A wave breaks on Hookipa Beach on Maui's north shore. Google's Silver Efex Pro helps to create a dramatic monochrome image.Read More
One of the things which I did (and most visitors to Honolulu do) whilst in Honolulu was to take in the views from Diamond Head. A city bus is an easy enough way to get to the Diamond Head State Park and from there a fairly easy hike to the top of the crater rim where a look out provides some good views back to the west to Honolulu itself and east towards Koko Head.
The images presented here were all taken with the Canon 5d Mark2 and the 24-105mm zoom. The park is heavily touristed (is that a real word?) with people of all ages making the walk up. For safety reasons, the park closes at sunset which is understandable as one section involves a steep set of stairs and of course is unlit. The down side of that is that you have to pack up your camera and make your way out of the park before the best light of the day occurs. No chance of a sunset shot from the lookout.
Experiments with Split Toning.
One of the things that I’ve been experimenting with lately is the split toning function within Adobe Lightroom. The image presented below is a split toned black and white. There were several processing steps as follows:
- lens correction. Taken at 105mm there was some linear distortion (pincushion)…most obvious in the horizon line.
- Cloning. I wasn’t pleased with the position of the boat in the bottom right corner (damned boat captain sailed off course!) the boat ended up too close to the edge of the frame and so I moved it up (sorry to the “minimal manipulation” purists out there)
- Converted to black and white. If you saw the original you’d see there wasn’t much colour in the image anyway.
- Split toned introducing a yellow tone into the highlights and a blue tone into the shadow areas.
- Slight vignette
- Text (copyright reminder) and digital sharpening.
With digital, the possibilities with split toning are almost infinite. In the old days (well not that long ago) when we were using film, tonings were achieved at the printing stage. The black and white print was placed in a chemical bath which imparted the colour toning effect the intensity of which was determined by how long the print was left in the chemical bath. Messy, hard to control and sometimes toxic as well.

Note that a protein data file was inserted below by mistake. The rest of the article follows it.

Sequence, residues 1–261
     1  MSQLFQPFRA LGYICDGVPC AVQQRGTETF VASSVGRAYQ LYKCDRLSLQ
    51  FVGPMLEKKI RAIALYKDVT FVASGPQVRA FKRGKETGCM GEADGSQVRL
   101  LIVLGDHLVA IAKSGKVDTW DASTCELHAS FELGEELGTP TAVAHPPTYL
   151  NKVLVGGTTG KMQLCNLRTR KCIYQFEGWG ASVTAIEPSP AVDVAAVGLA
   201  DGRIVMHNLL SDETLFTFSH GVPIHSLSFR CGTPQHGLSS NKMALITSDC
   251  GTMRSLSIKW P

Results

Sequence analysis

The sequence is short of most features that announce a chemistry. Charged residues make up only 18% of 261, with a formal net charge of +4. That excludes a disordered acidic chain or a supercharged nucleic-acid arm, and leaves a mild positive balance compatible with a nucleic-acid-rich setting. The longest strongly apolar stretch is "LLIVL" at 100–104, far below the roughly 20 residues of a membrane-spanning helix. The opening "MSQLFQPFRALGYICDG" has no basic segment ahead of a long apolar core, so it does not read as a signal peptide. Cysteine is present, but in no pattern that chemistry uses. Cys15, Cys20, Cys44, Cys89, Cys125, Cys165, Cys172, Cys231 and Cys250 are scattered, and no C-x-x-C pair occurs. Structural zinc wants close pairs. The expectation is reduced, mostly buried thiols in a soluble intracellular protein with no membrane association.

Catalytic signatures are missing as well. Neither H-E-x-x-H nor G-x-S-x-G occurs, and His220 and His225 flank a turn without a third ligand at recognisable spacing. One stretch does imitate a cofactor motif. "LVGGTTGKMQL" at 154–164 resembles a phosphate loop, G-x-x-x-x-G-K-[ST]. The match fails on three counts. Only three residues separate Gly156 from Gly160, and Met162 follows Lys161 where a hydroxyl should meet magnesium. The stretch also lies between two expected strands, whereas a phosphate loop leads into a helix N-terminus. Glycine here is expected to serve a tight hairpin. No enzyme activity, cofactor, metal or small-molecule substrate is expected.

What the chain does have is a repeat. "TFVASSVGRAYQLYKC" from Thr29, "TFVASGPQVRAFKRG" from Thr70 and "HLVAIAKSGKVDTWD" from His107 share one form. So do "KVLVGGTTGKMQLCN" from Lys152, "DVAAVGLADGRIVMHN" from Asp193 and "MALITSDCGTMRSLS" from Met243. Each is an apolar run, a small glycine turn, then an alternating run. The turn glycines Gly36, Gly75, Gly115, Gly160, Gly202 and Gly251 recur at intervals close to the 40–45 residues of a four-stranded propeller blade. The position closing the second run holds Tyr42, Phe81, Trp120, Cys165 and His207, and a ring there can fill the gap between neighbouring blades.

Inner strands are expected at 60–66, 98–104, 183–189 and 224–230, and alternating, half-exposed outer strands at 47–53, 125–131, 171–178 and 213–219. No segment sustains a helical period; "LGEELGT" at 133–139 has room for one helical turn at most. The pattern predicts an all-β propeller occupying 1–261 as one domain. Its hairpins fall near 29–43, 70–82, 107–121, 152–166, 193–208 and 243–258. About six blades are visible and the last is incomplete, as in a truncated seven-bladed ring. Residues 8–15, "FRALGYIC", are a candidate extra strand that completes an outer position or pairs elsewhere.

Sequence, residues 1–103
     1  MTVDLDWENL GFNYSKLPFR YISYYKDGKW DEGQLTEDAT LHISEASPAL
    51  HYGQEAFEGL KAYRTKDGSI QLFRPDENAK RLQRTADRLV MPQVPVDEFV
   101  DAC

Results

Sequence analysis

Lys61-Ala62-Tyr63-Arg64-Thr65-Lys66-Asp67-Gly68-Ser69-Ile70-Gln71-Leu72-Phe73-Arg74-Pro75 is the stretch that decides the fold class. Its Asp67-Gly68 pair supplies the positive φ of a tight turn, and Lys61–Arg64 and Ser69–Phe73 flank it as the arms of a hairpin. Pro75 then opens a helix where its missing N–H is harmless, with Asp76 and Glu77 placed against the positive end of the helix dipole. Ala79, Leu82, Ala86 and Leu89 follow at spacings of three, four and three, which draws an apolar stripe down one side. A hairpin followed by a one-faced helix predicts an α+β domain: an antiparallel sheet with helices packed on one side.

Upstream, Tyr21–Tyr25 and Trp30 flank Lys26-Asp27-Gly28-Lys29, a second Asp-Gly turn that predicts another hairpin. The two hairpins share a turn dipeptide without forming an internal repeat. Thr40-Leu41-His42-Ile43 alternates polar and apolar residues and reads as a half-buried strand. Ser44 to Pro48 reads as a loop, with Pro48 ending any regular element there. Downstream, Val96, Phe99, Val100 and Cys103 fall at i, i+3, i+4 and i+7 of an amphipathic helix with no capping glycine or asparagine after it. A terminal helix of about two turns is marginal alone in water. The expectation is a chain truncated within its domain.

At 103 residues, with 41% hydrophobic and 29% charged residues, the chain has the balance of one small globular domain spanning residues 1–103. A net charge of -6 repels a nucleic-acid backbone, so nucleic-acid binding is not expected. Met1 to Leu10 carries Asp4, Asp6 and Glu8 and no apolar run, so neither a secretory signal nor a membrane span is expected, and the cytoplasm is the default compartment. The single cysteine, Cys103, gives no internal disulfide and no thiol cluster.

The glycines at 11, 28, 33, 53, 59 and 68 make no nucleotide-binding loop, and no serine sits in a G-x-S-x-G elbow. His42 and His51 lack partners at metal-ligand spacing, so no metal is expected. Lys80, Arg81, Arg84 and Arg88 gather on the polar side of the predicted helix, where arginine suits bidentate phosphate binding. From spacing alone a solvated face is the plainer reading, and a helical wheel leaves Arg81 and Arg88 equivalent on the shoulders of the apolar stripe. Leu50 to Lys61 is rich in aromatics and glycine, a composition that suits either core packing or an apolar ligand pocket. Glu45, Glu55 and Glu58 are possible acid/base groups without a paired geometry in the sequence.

Now with Lightroom and or Photoshop, you can control the effect with great precision and repeat-ability. Whilst you can of course give a single toning effect to the whole image, and if you wish mimic a traditional sepia, brown toning, cyanotype? etc, one of the cool things is that you can dial in different colours to effect highlights and shadows separately. In this case I chose a yellowish tone for the highlights and a bluish tone for the shadows. I think this provides an interesting balance given that yellow/blue are “complimentary” or perhaps more correctly, “contrasting” colours.
Like so many things, it really is a matter of personal taste just how far to go with such effects and obviously the approach works better with some images than others.
It’s Digital, not Traditional!
As I said, if you wish, you can “mimic” traditional effects. Indeed there are Photoshop plugins, actions, internet tutorials, etc, which promise you a “sepia” effect or a “cross processed” effect and so on. Over the years people got used to looking at fairly familiar photo effects like that, the temptation for some people now with digital is to ask themselves “how can I replicate a traditional (sepia, browntone, platinum etc) effect?”
Perhaps also an audience expects the digital image to in some way conform to tradition. I recall some time ago showing an image to someone and their reaction was to give it a cursory glance and then declare “it’s too yellow!” and walk way. Only after the event did I stop and think….hang on….”too yellow” for what? If the answer is too yellow for the viewer’s personal taste, then I’d suggest that’s one person’s valid opinion. However it occurred to me that what might be meant, even if only subconsciously, was, it’s “too yellow” ….to be considered a traditional sepia tone! Therein lies the difference in thinking. It’s digital, not traditional and digital doesn’t need to imitate tradition. (How’s that for profound! You may quote me!)
To labour the point, imagine your beloved pet “Rover” the cattle dog dies. You go down to the pet shop and you buy yourself a new dog, a rottweiler pup. As it grows up you look at the rottweiler and you sigh “it’s not a cattle dog” . Well, no it’s not, it’s a different breed, but hey, it can fetch a stick too!
Next Blog Post.
In my next post I’ll continue my journey through the Hawaiian Islands and also further explore some more ideas on photo processing and, I promise, no more ranting about dogs! ~KD
Split toning in monochrome helps make the most of an historic location.Read More
Haridwar, India. A man walks along an arched balcony. I was drawn to the repeated geometry of the arches and waited for a human figure to enter the frame.Read More
In this case, the “golden” sunrise is due very much to the image processing rather than the atmospheric conditions at the time.Read More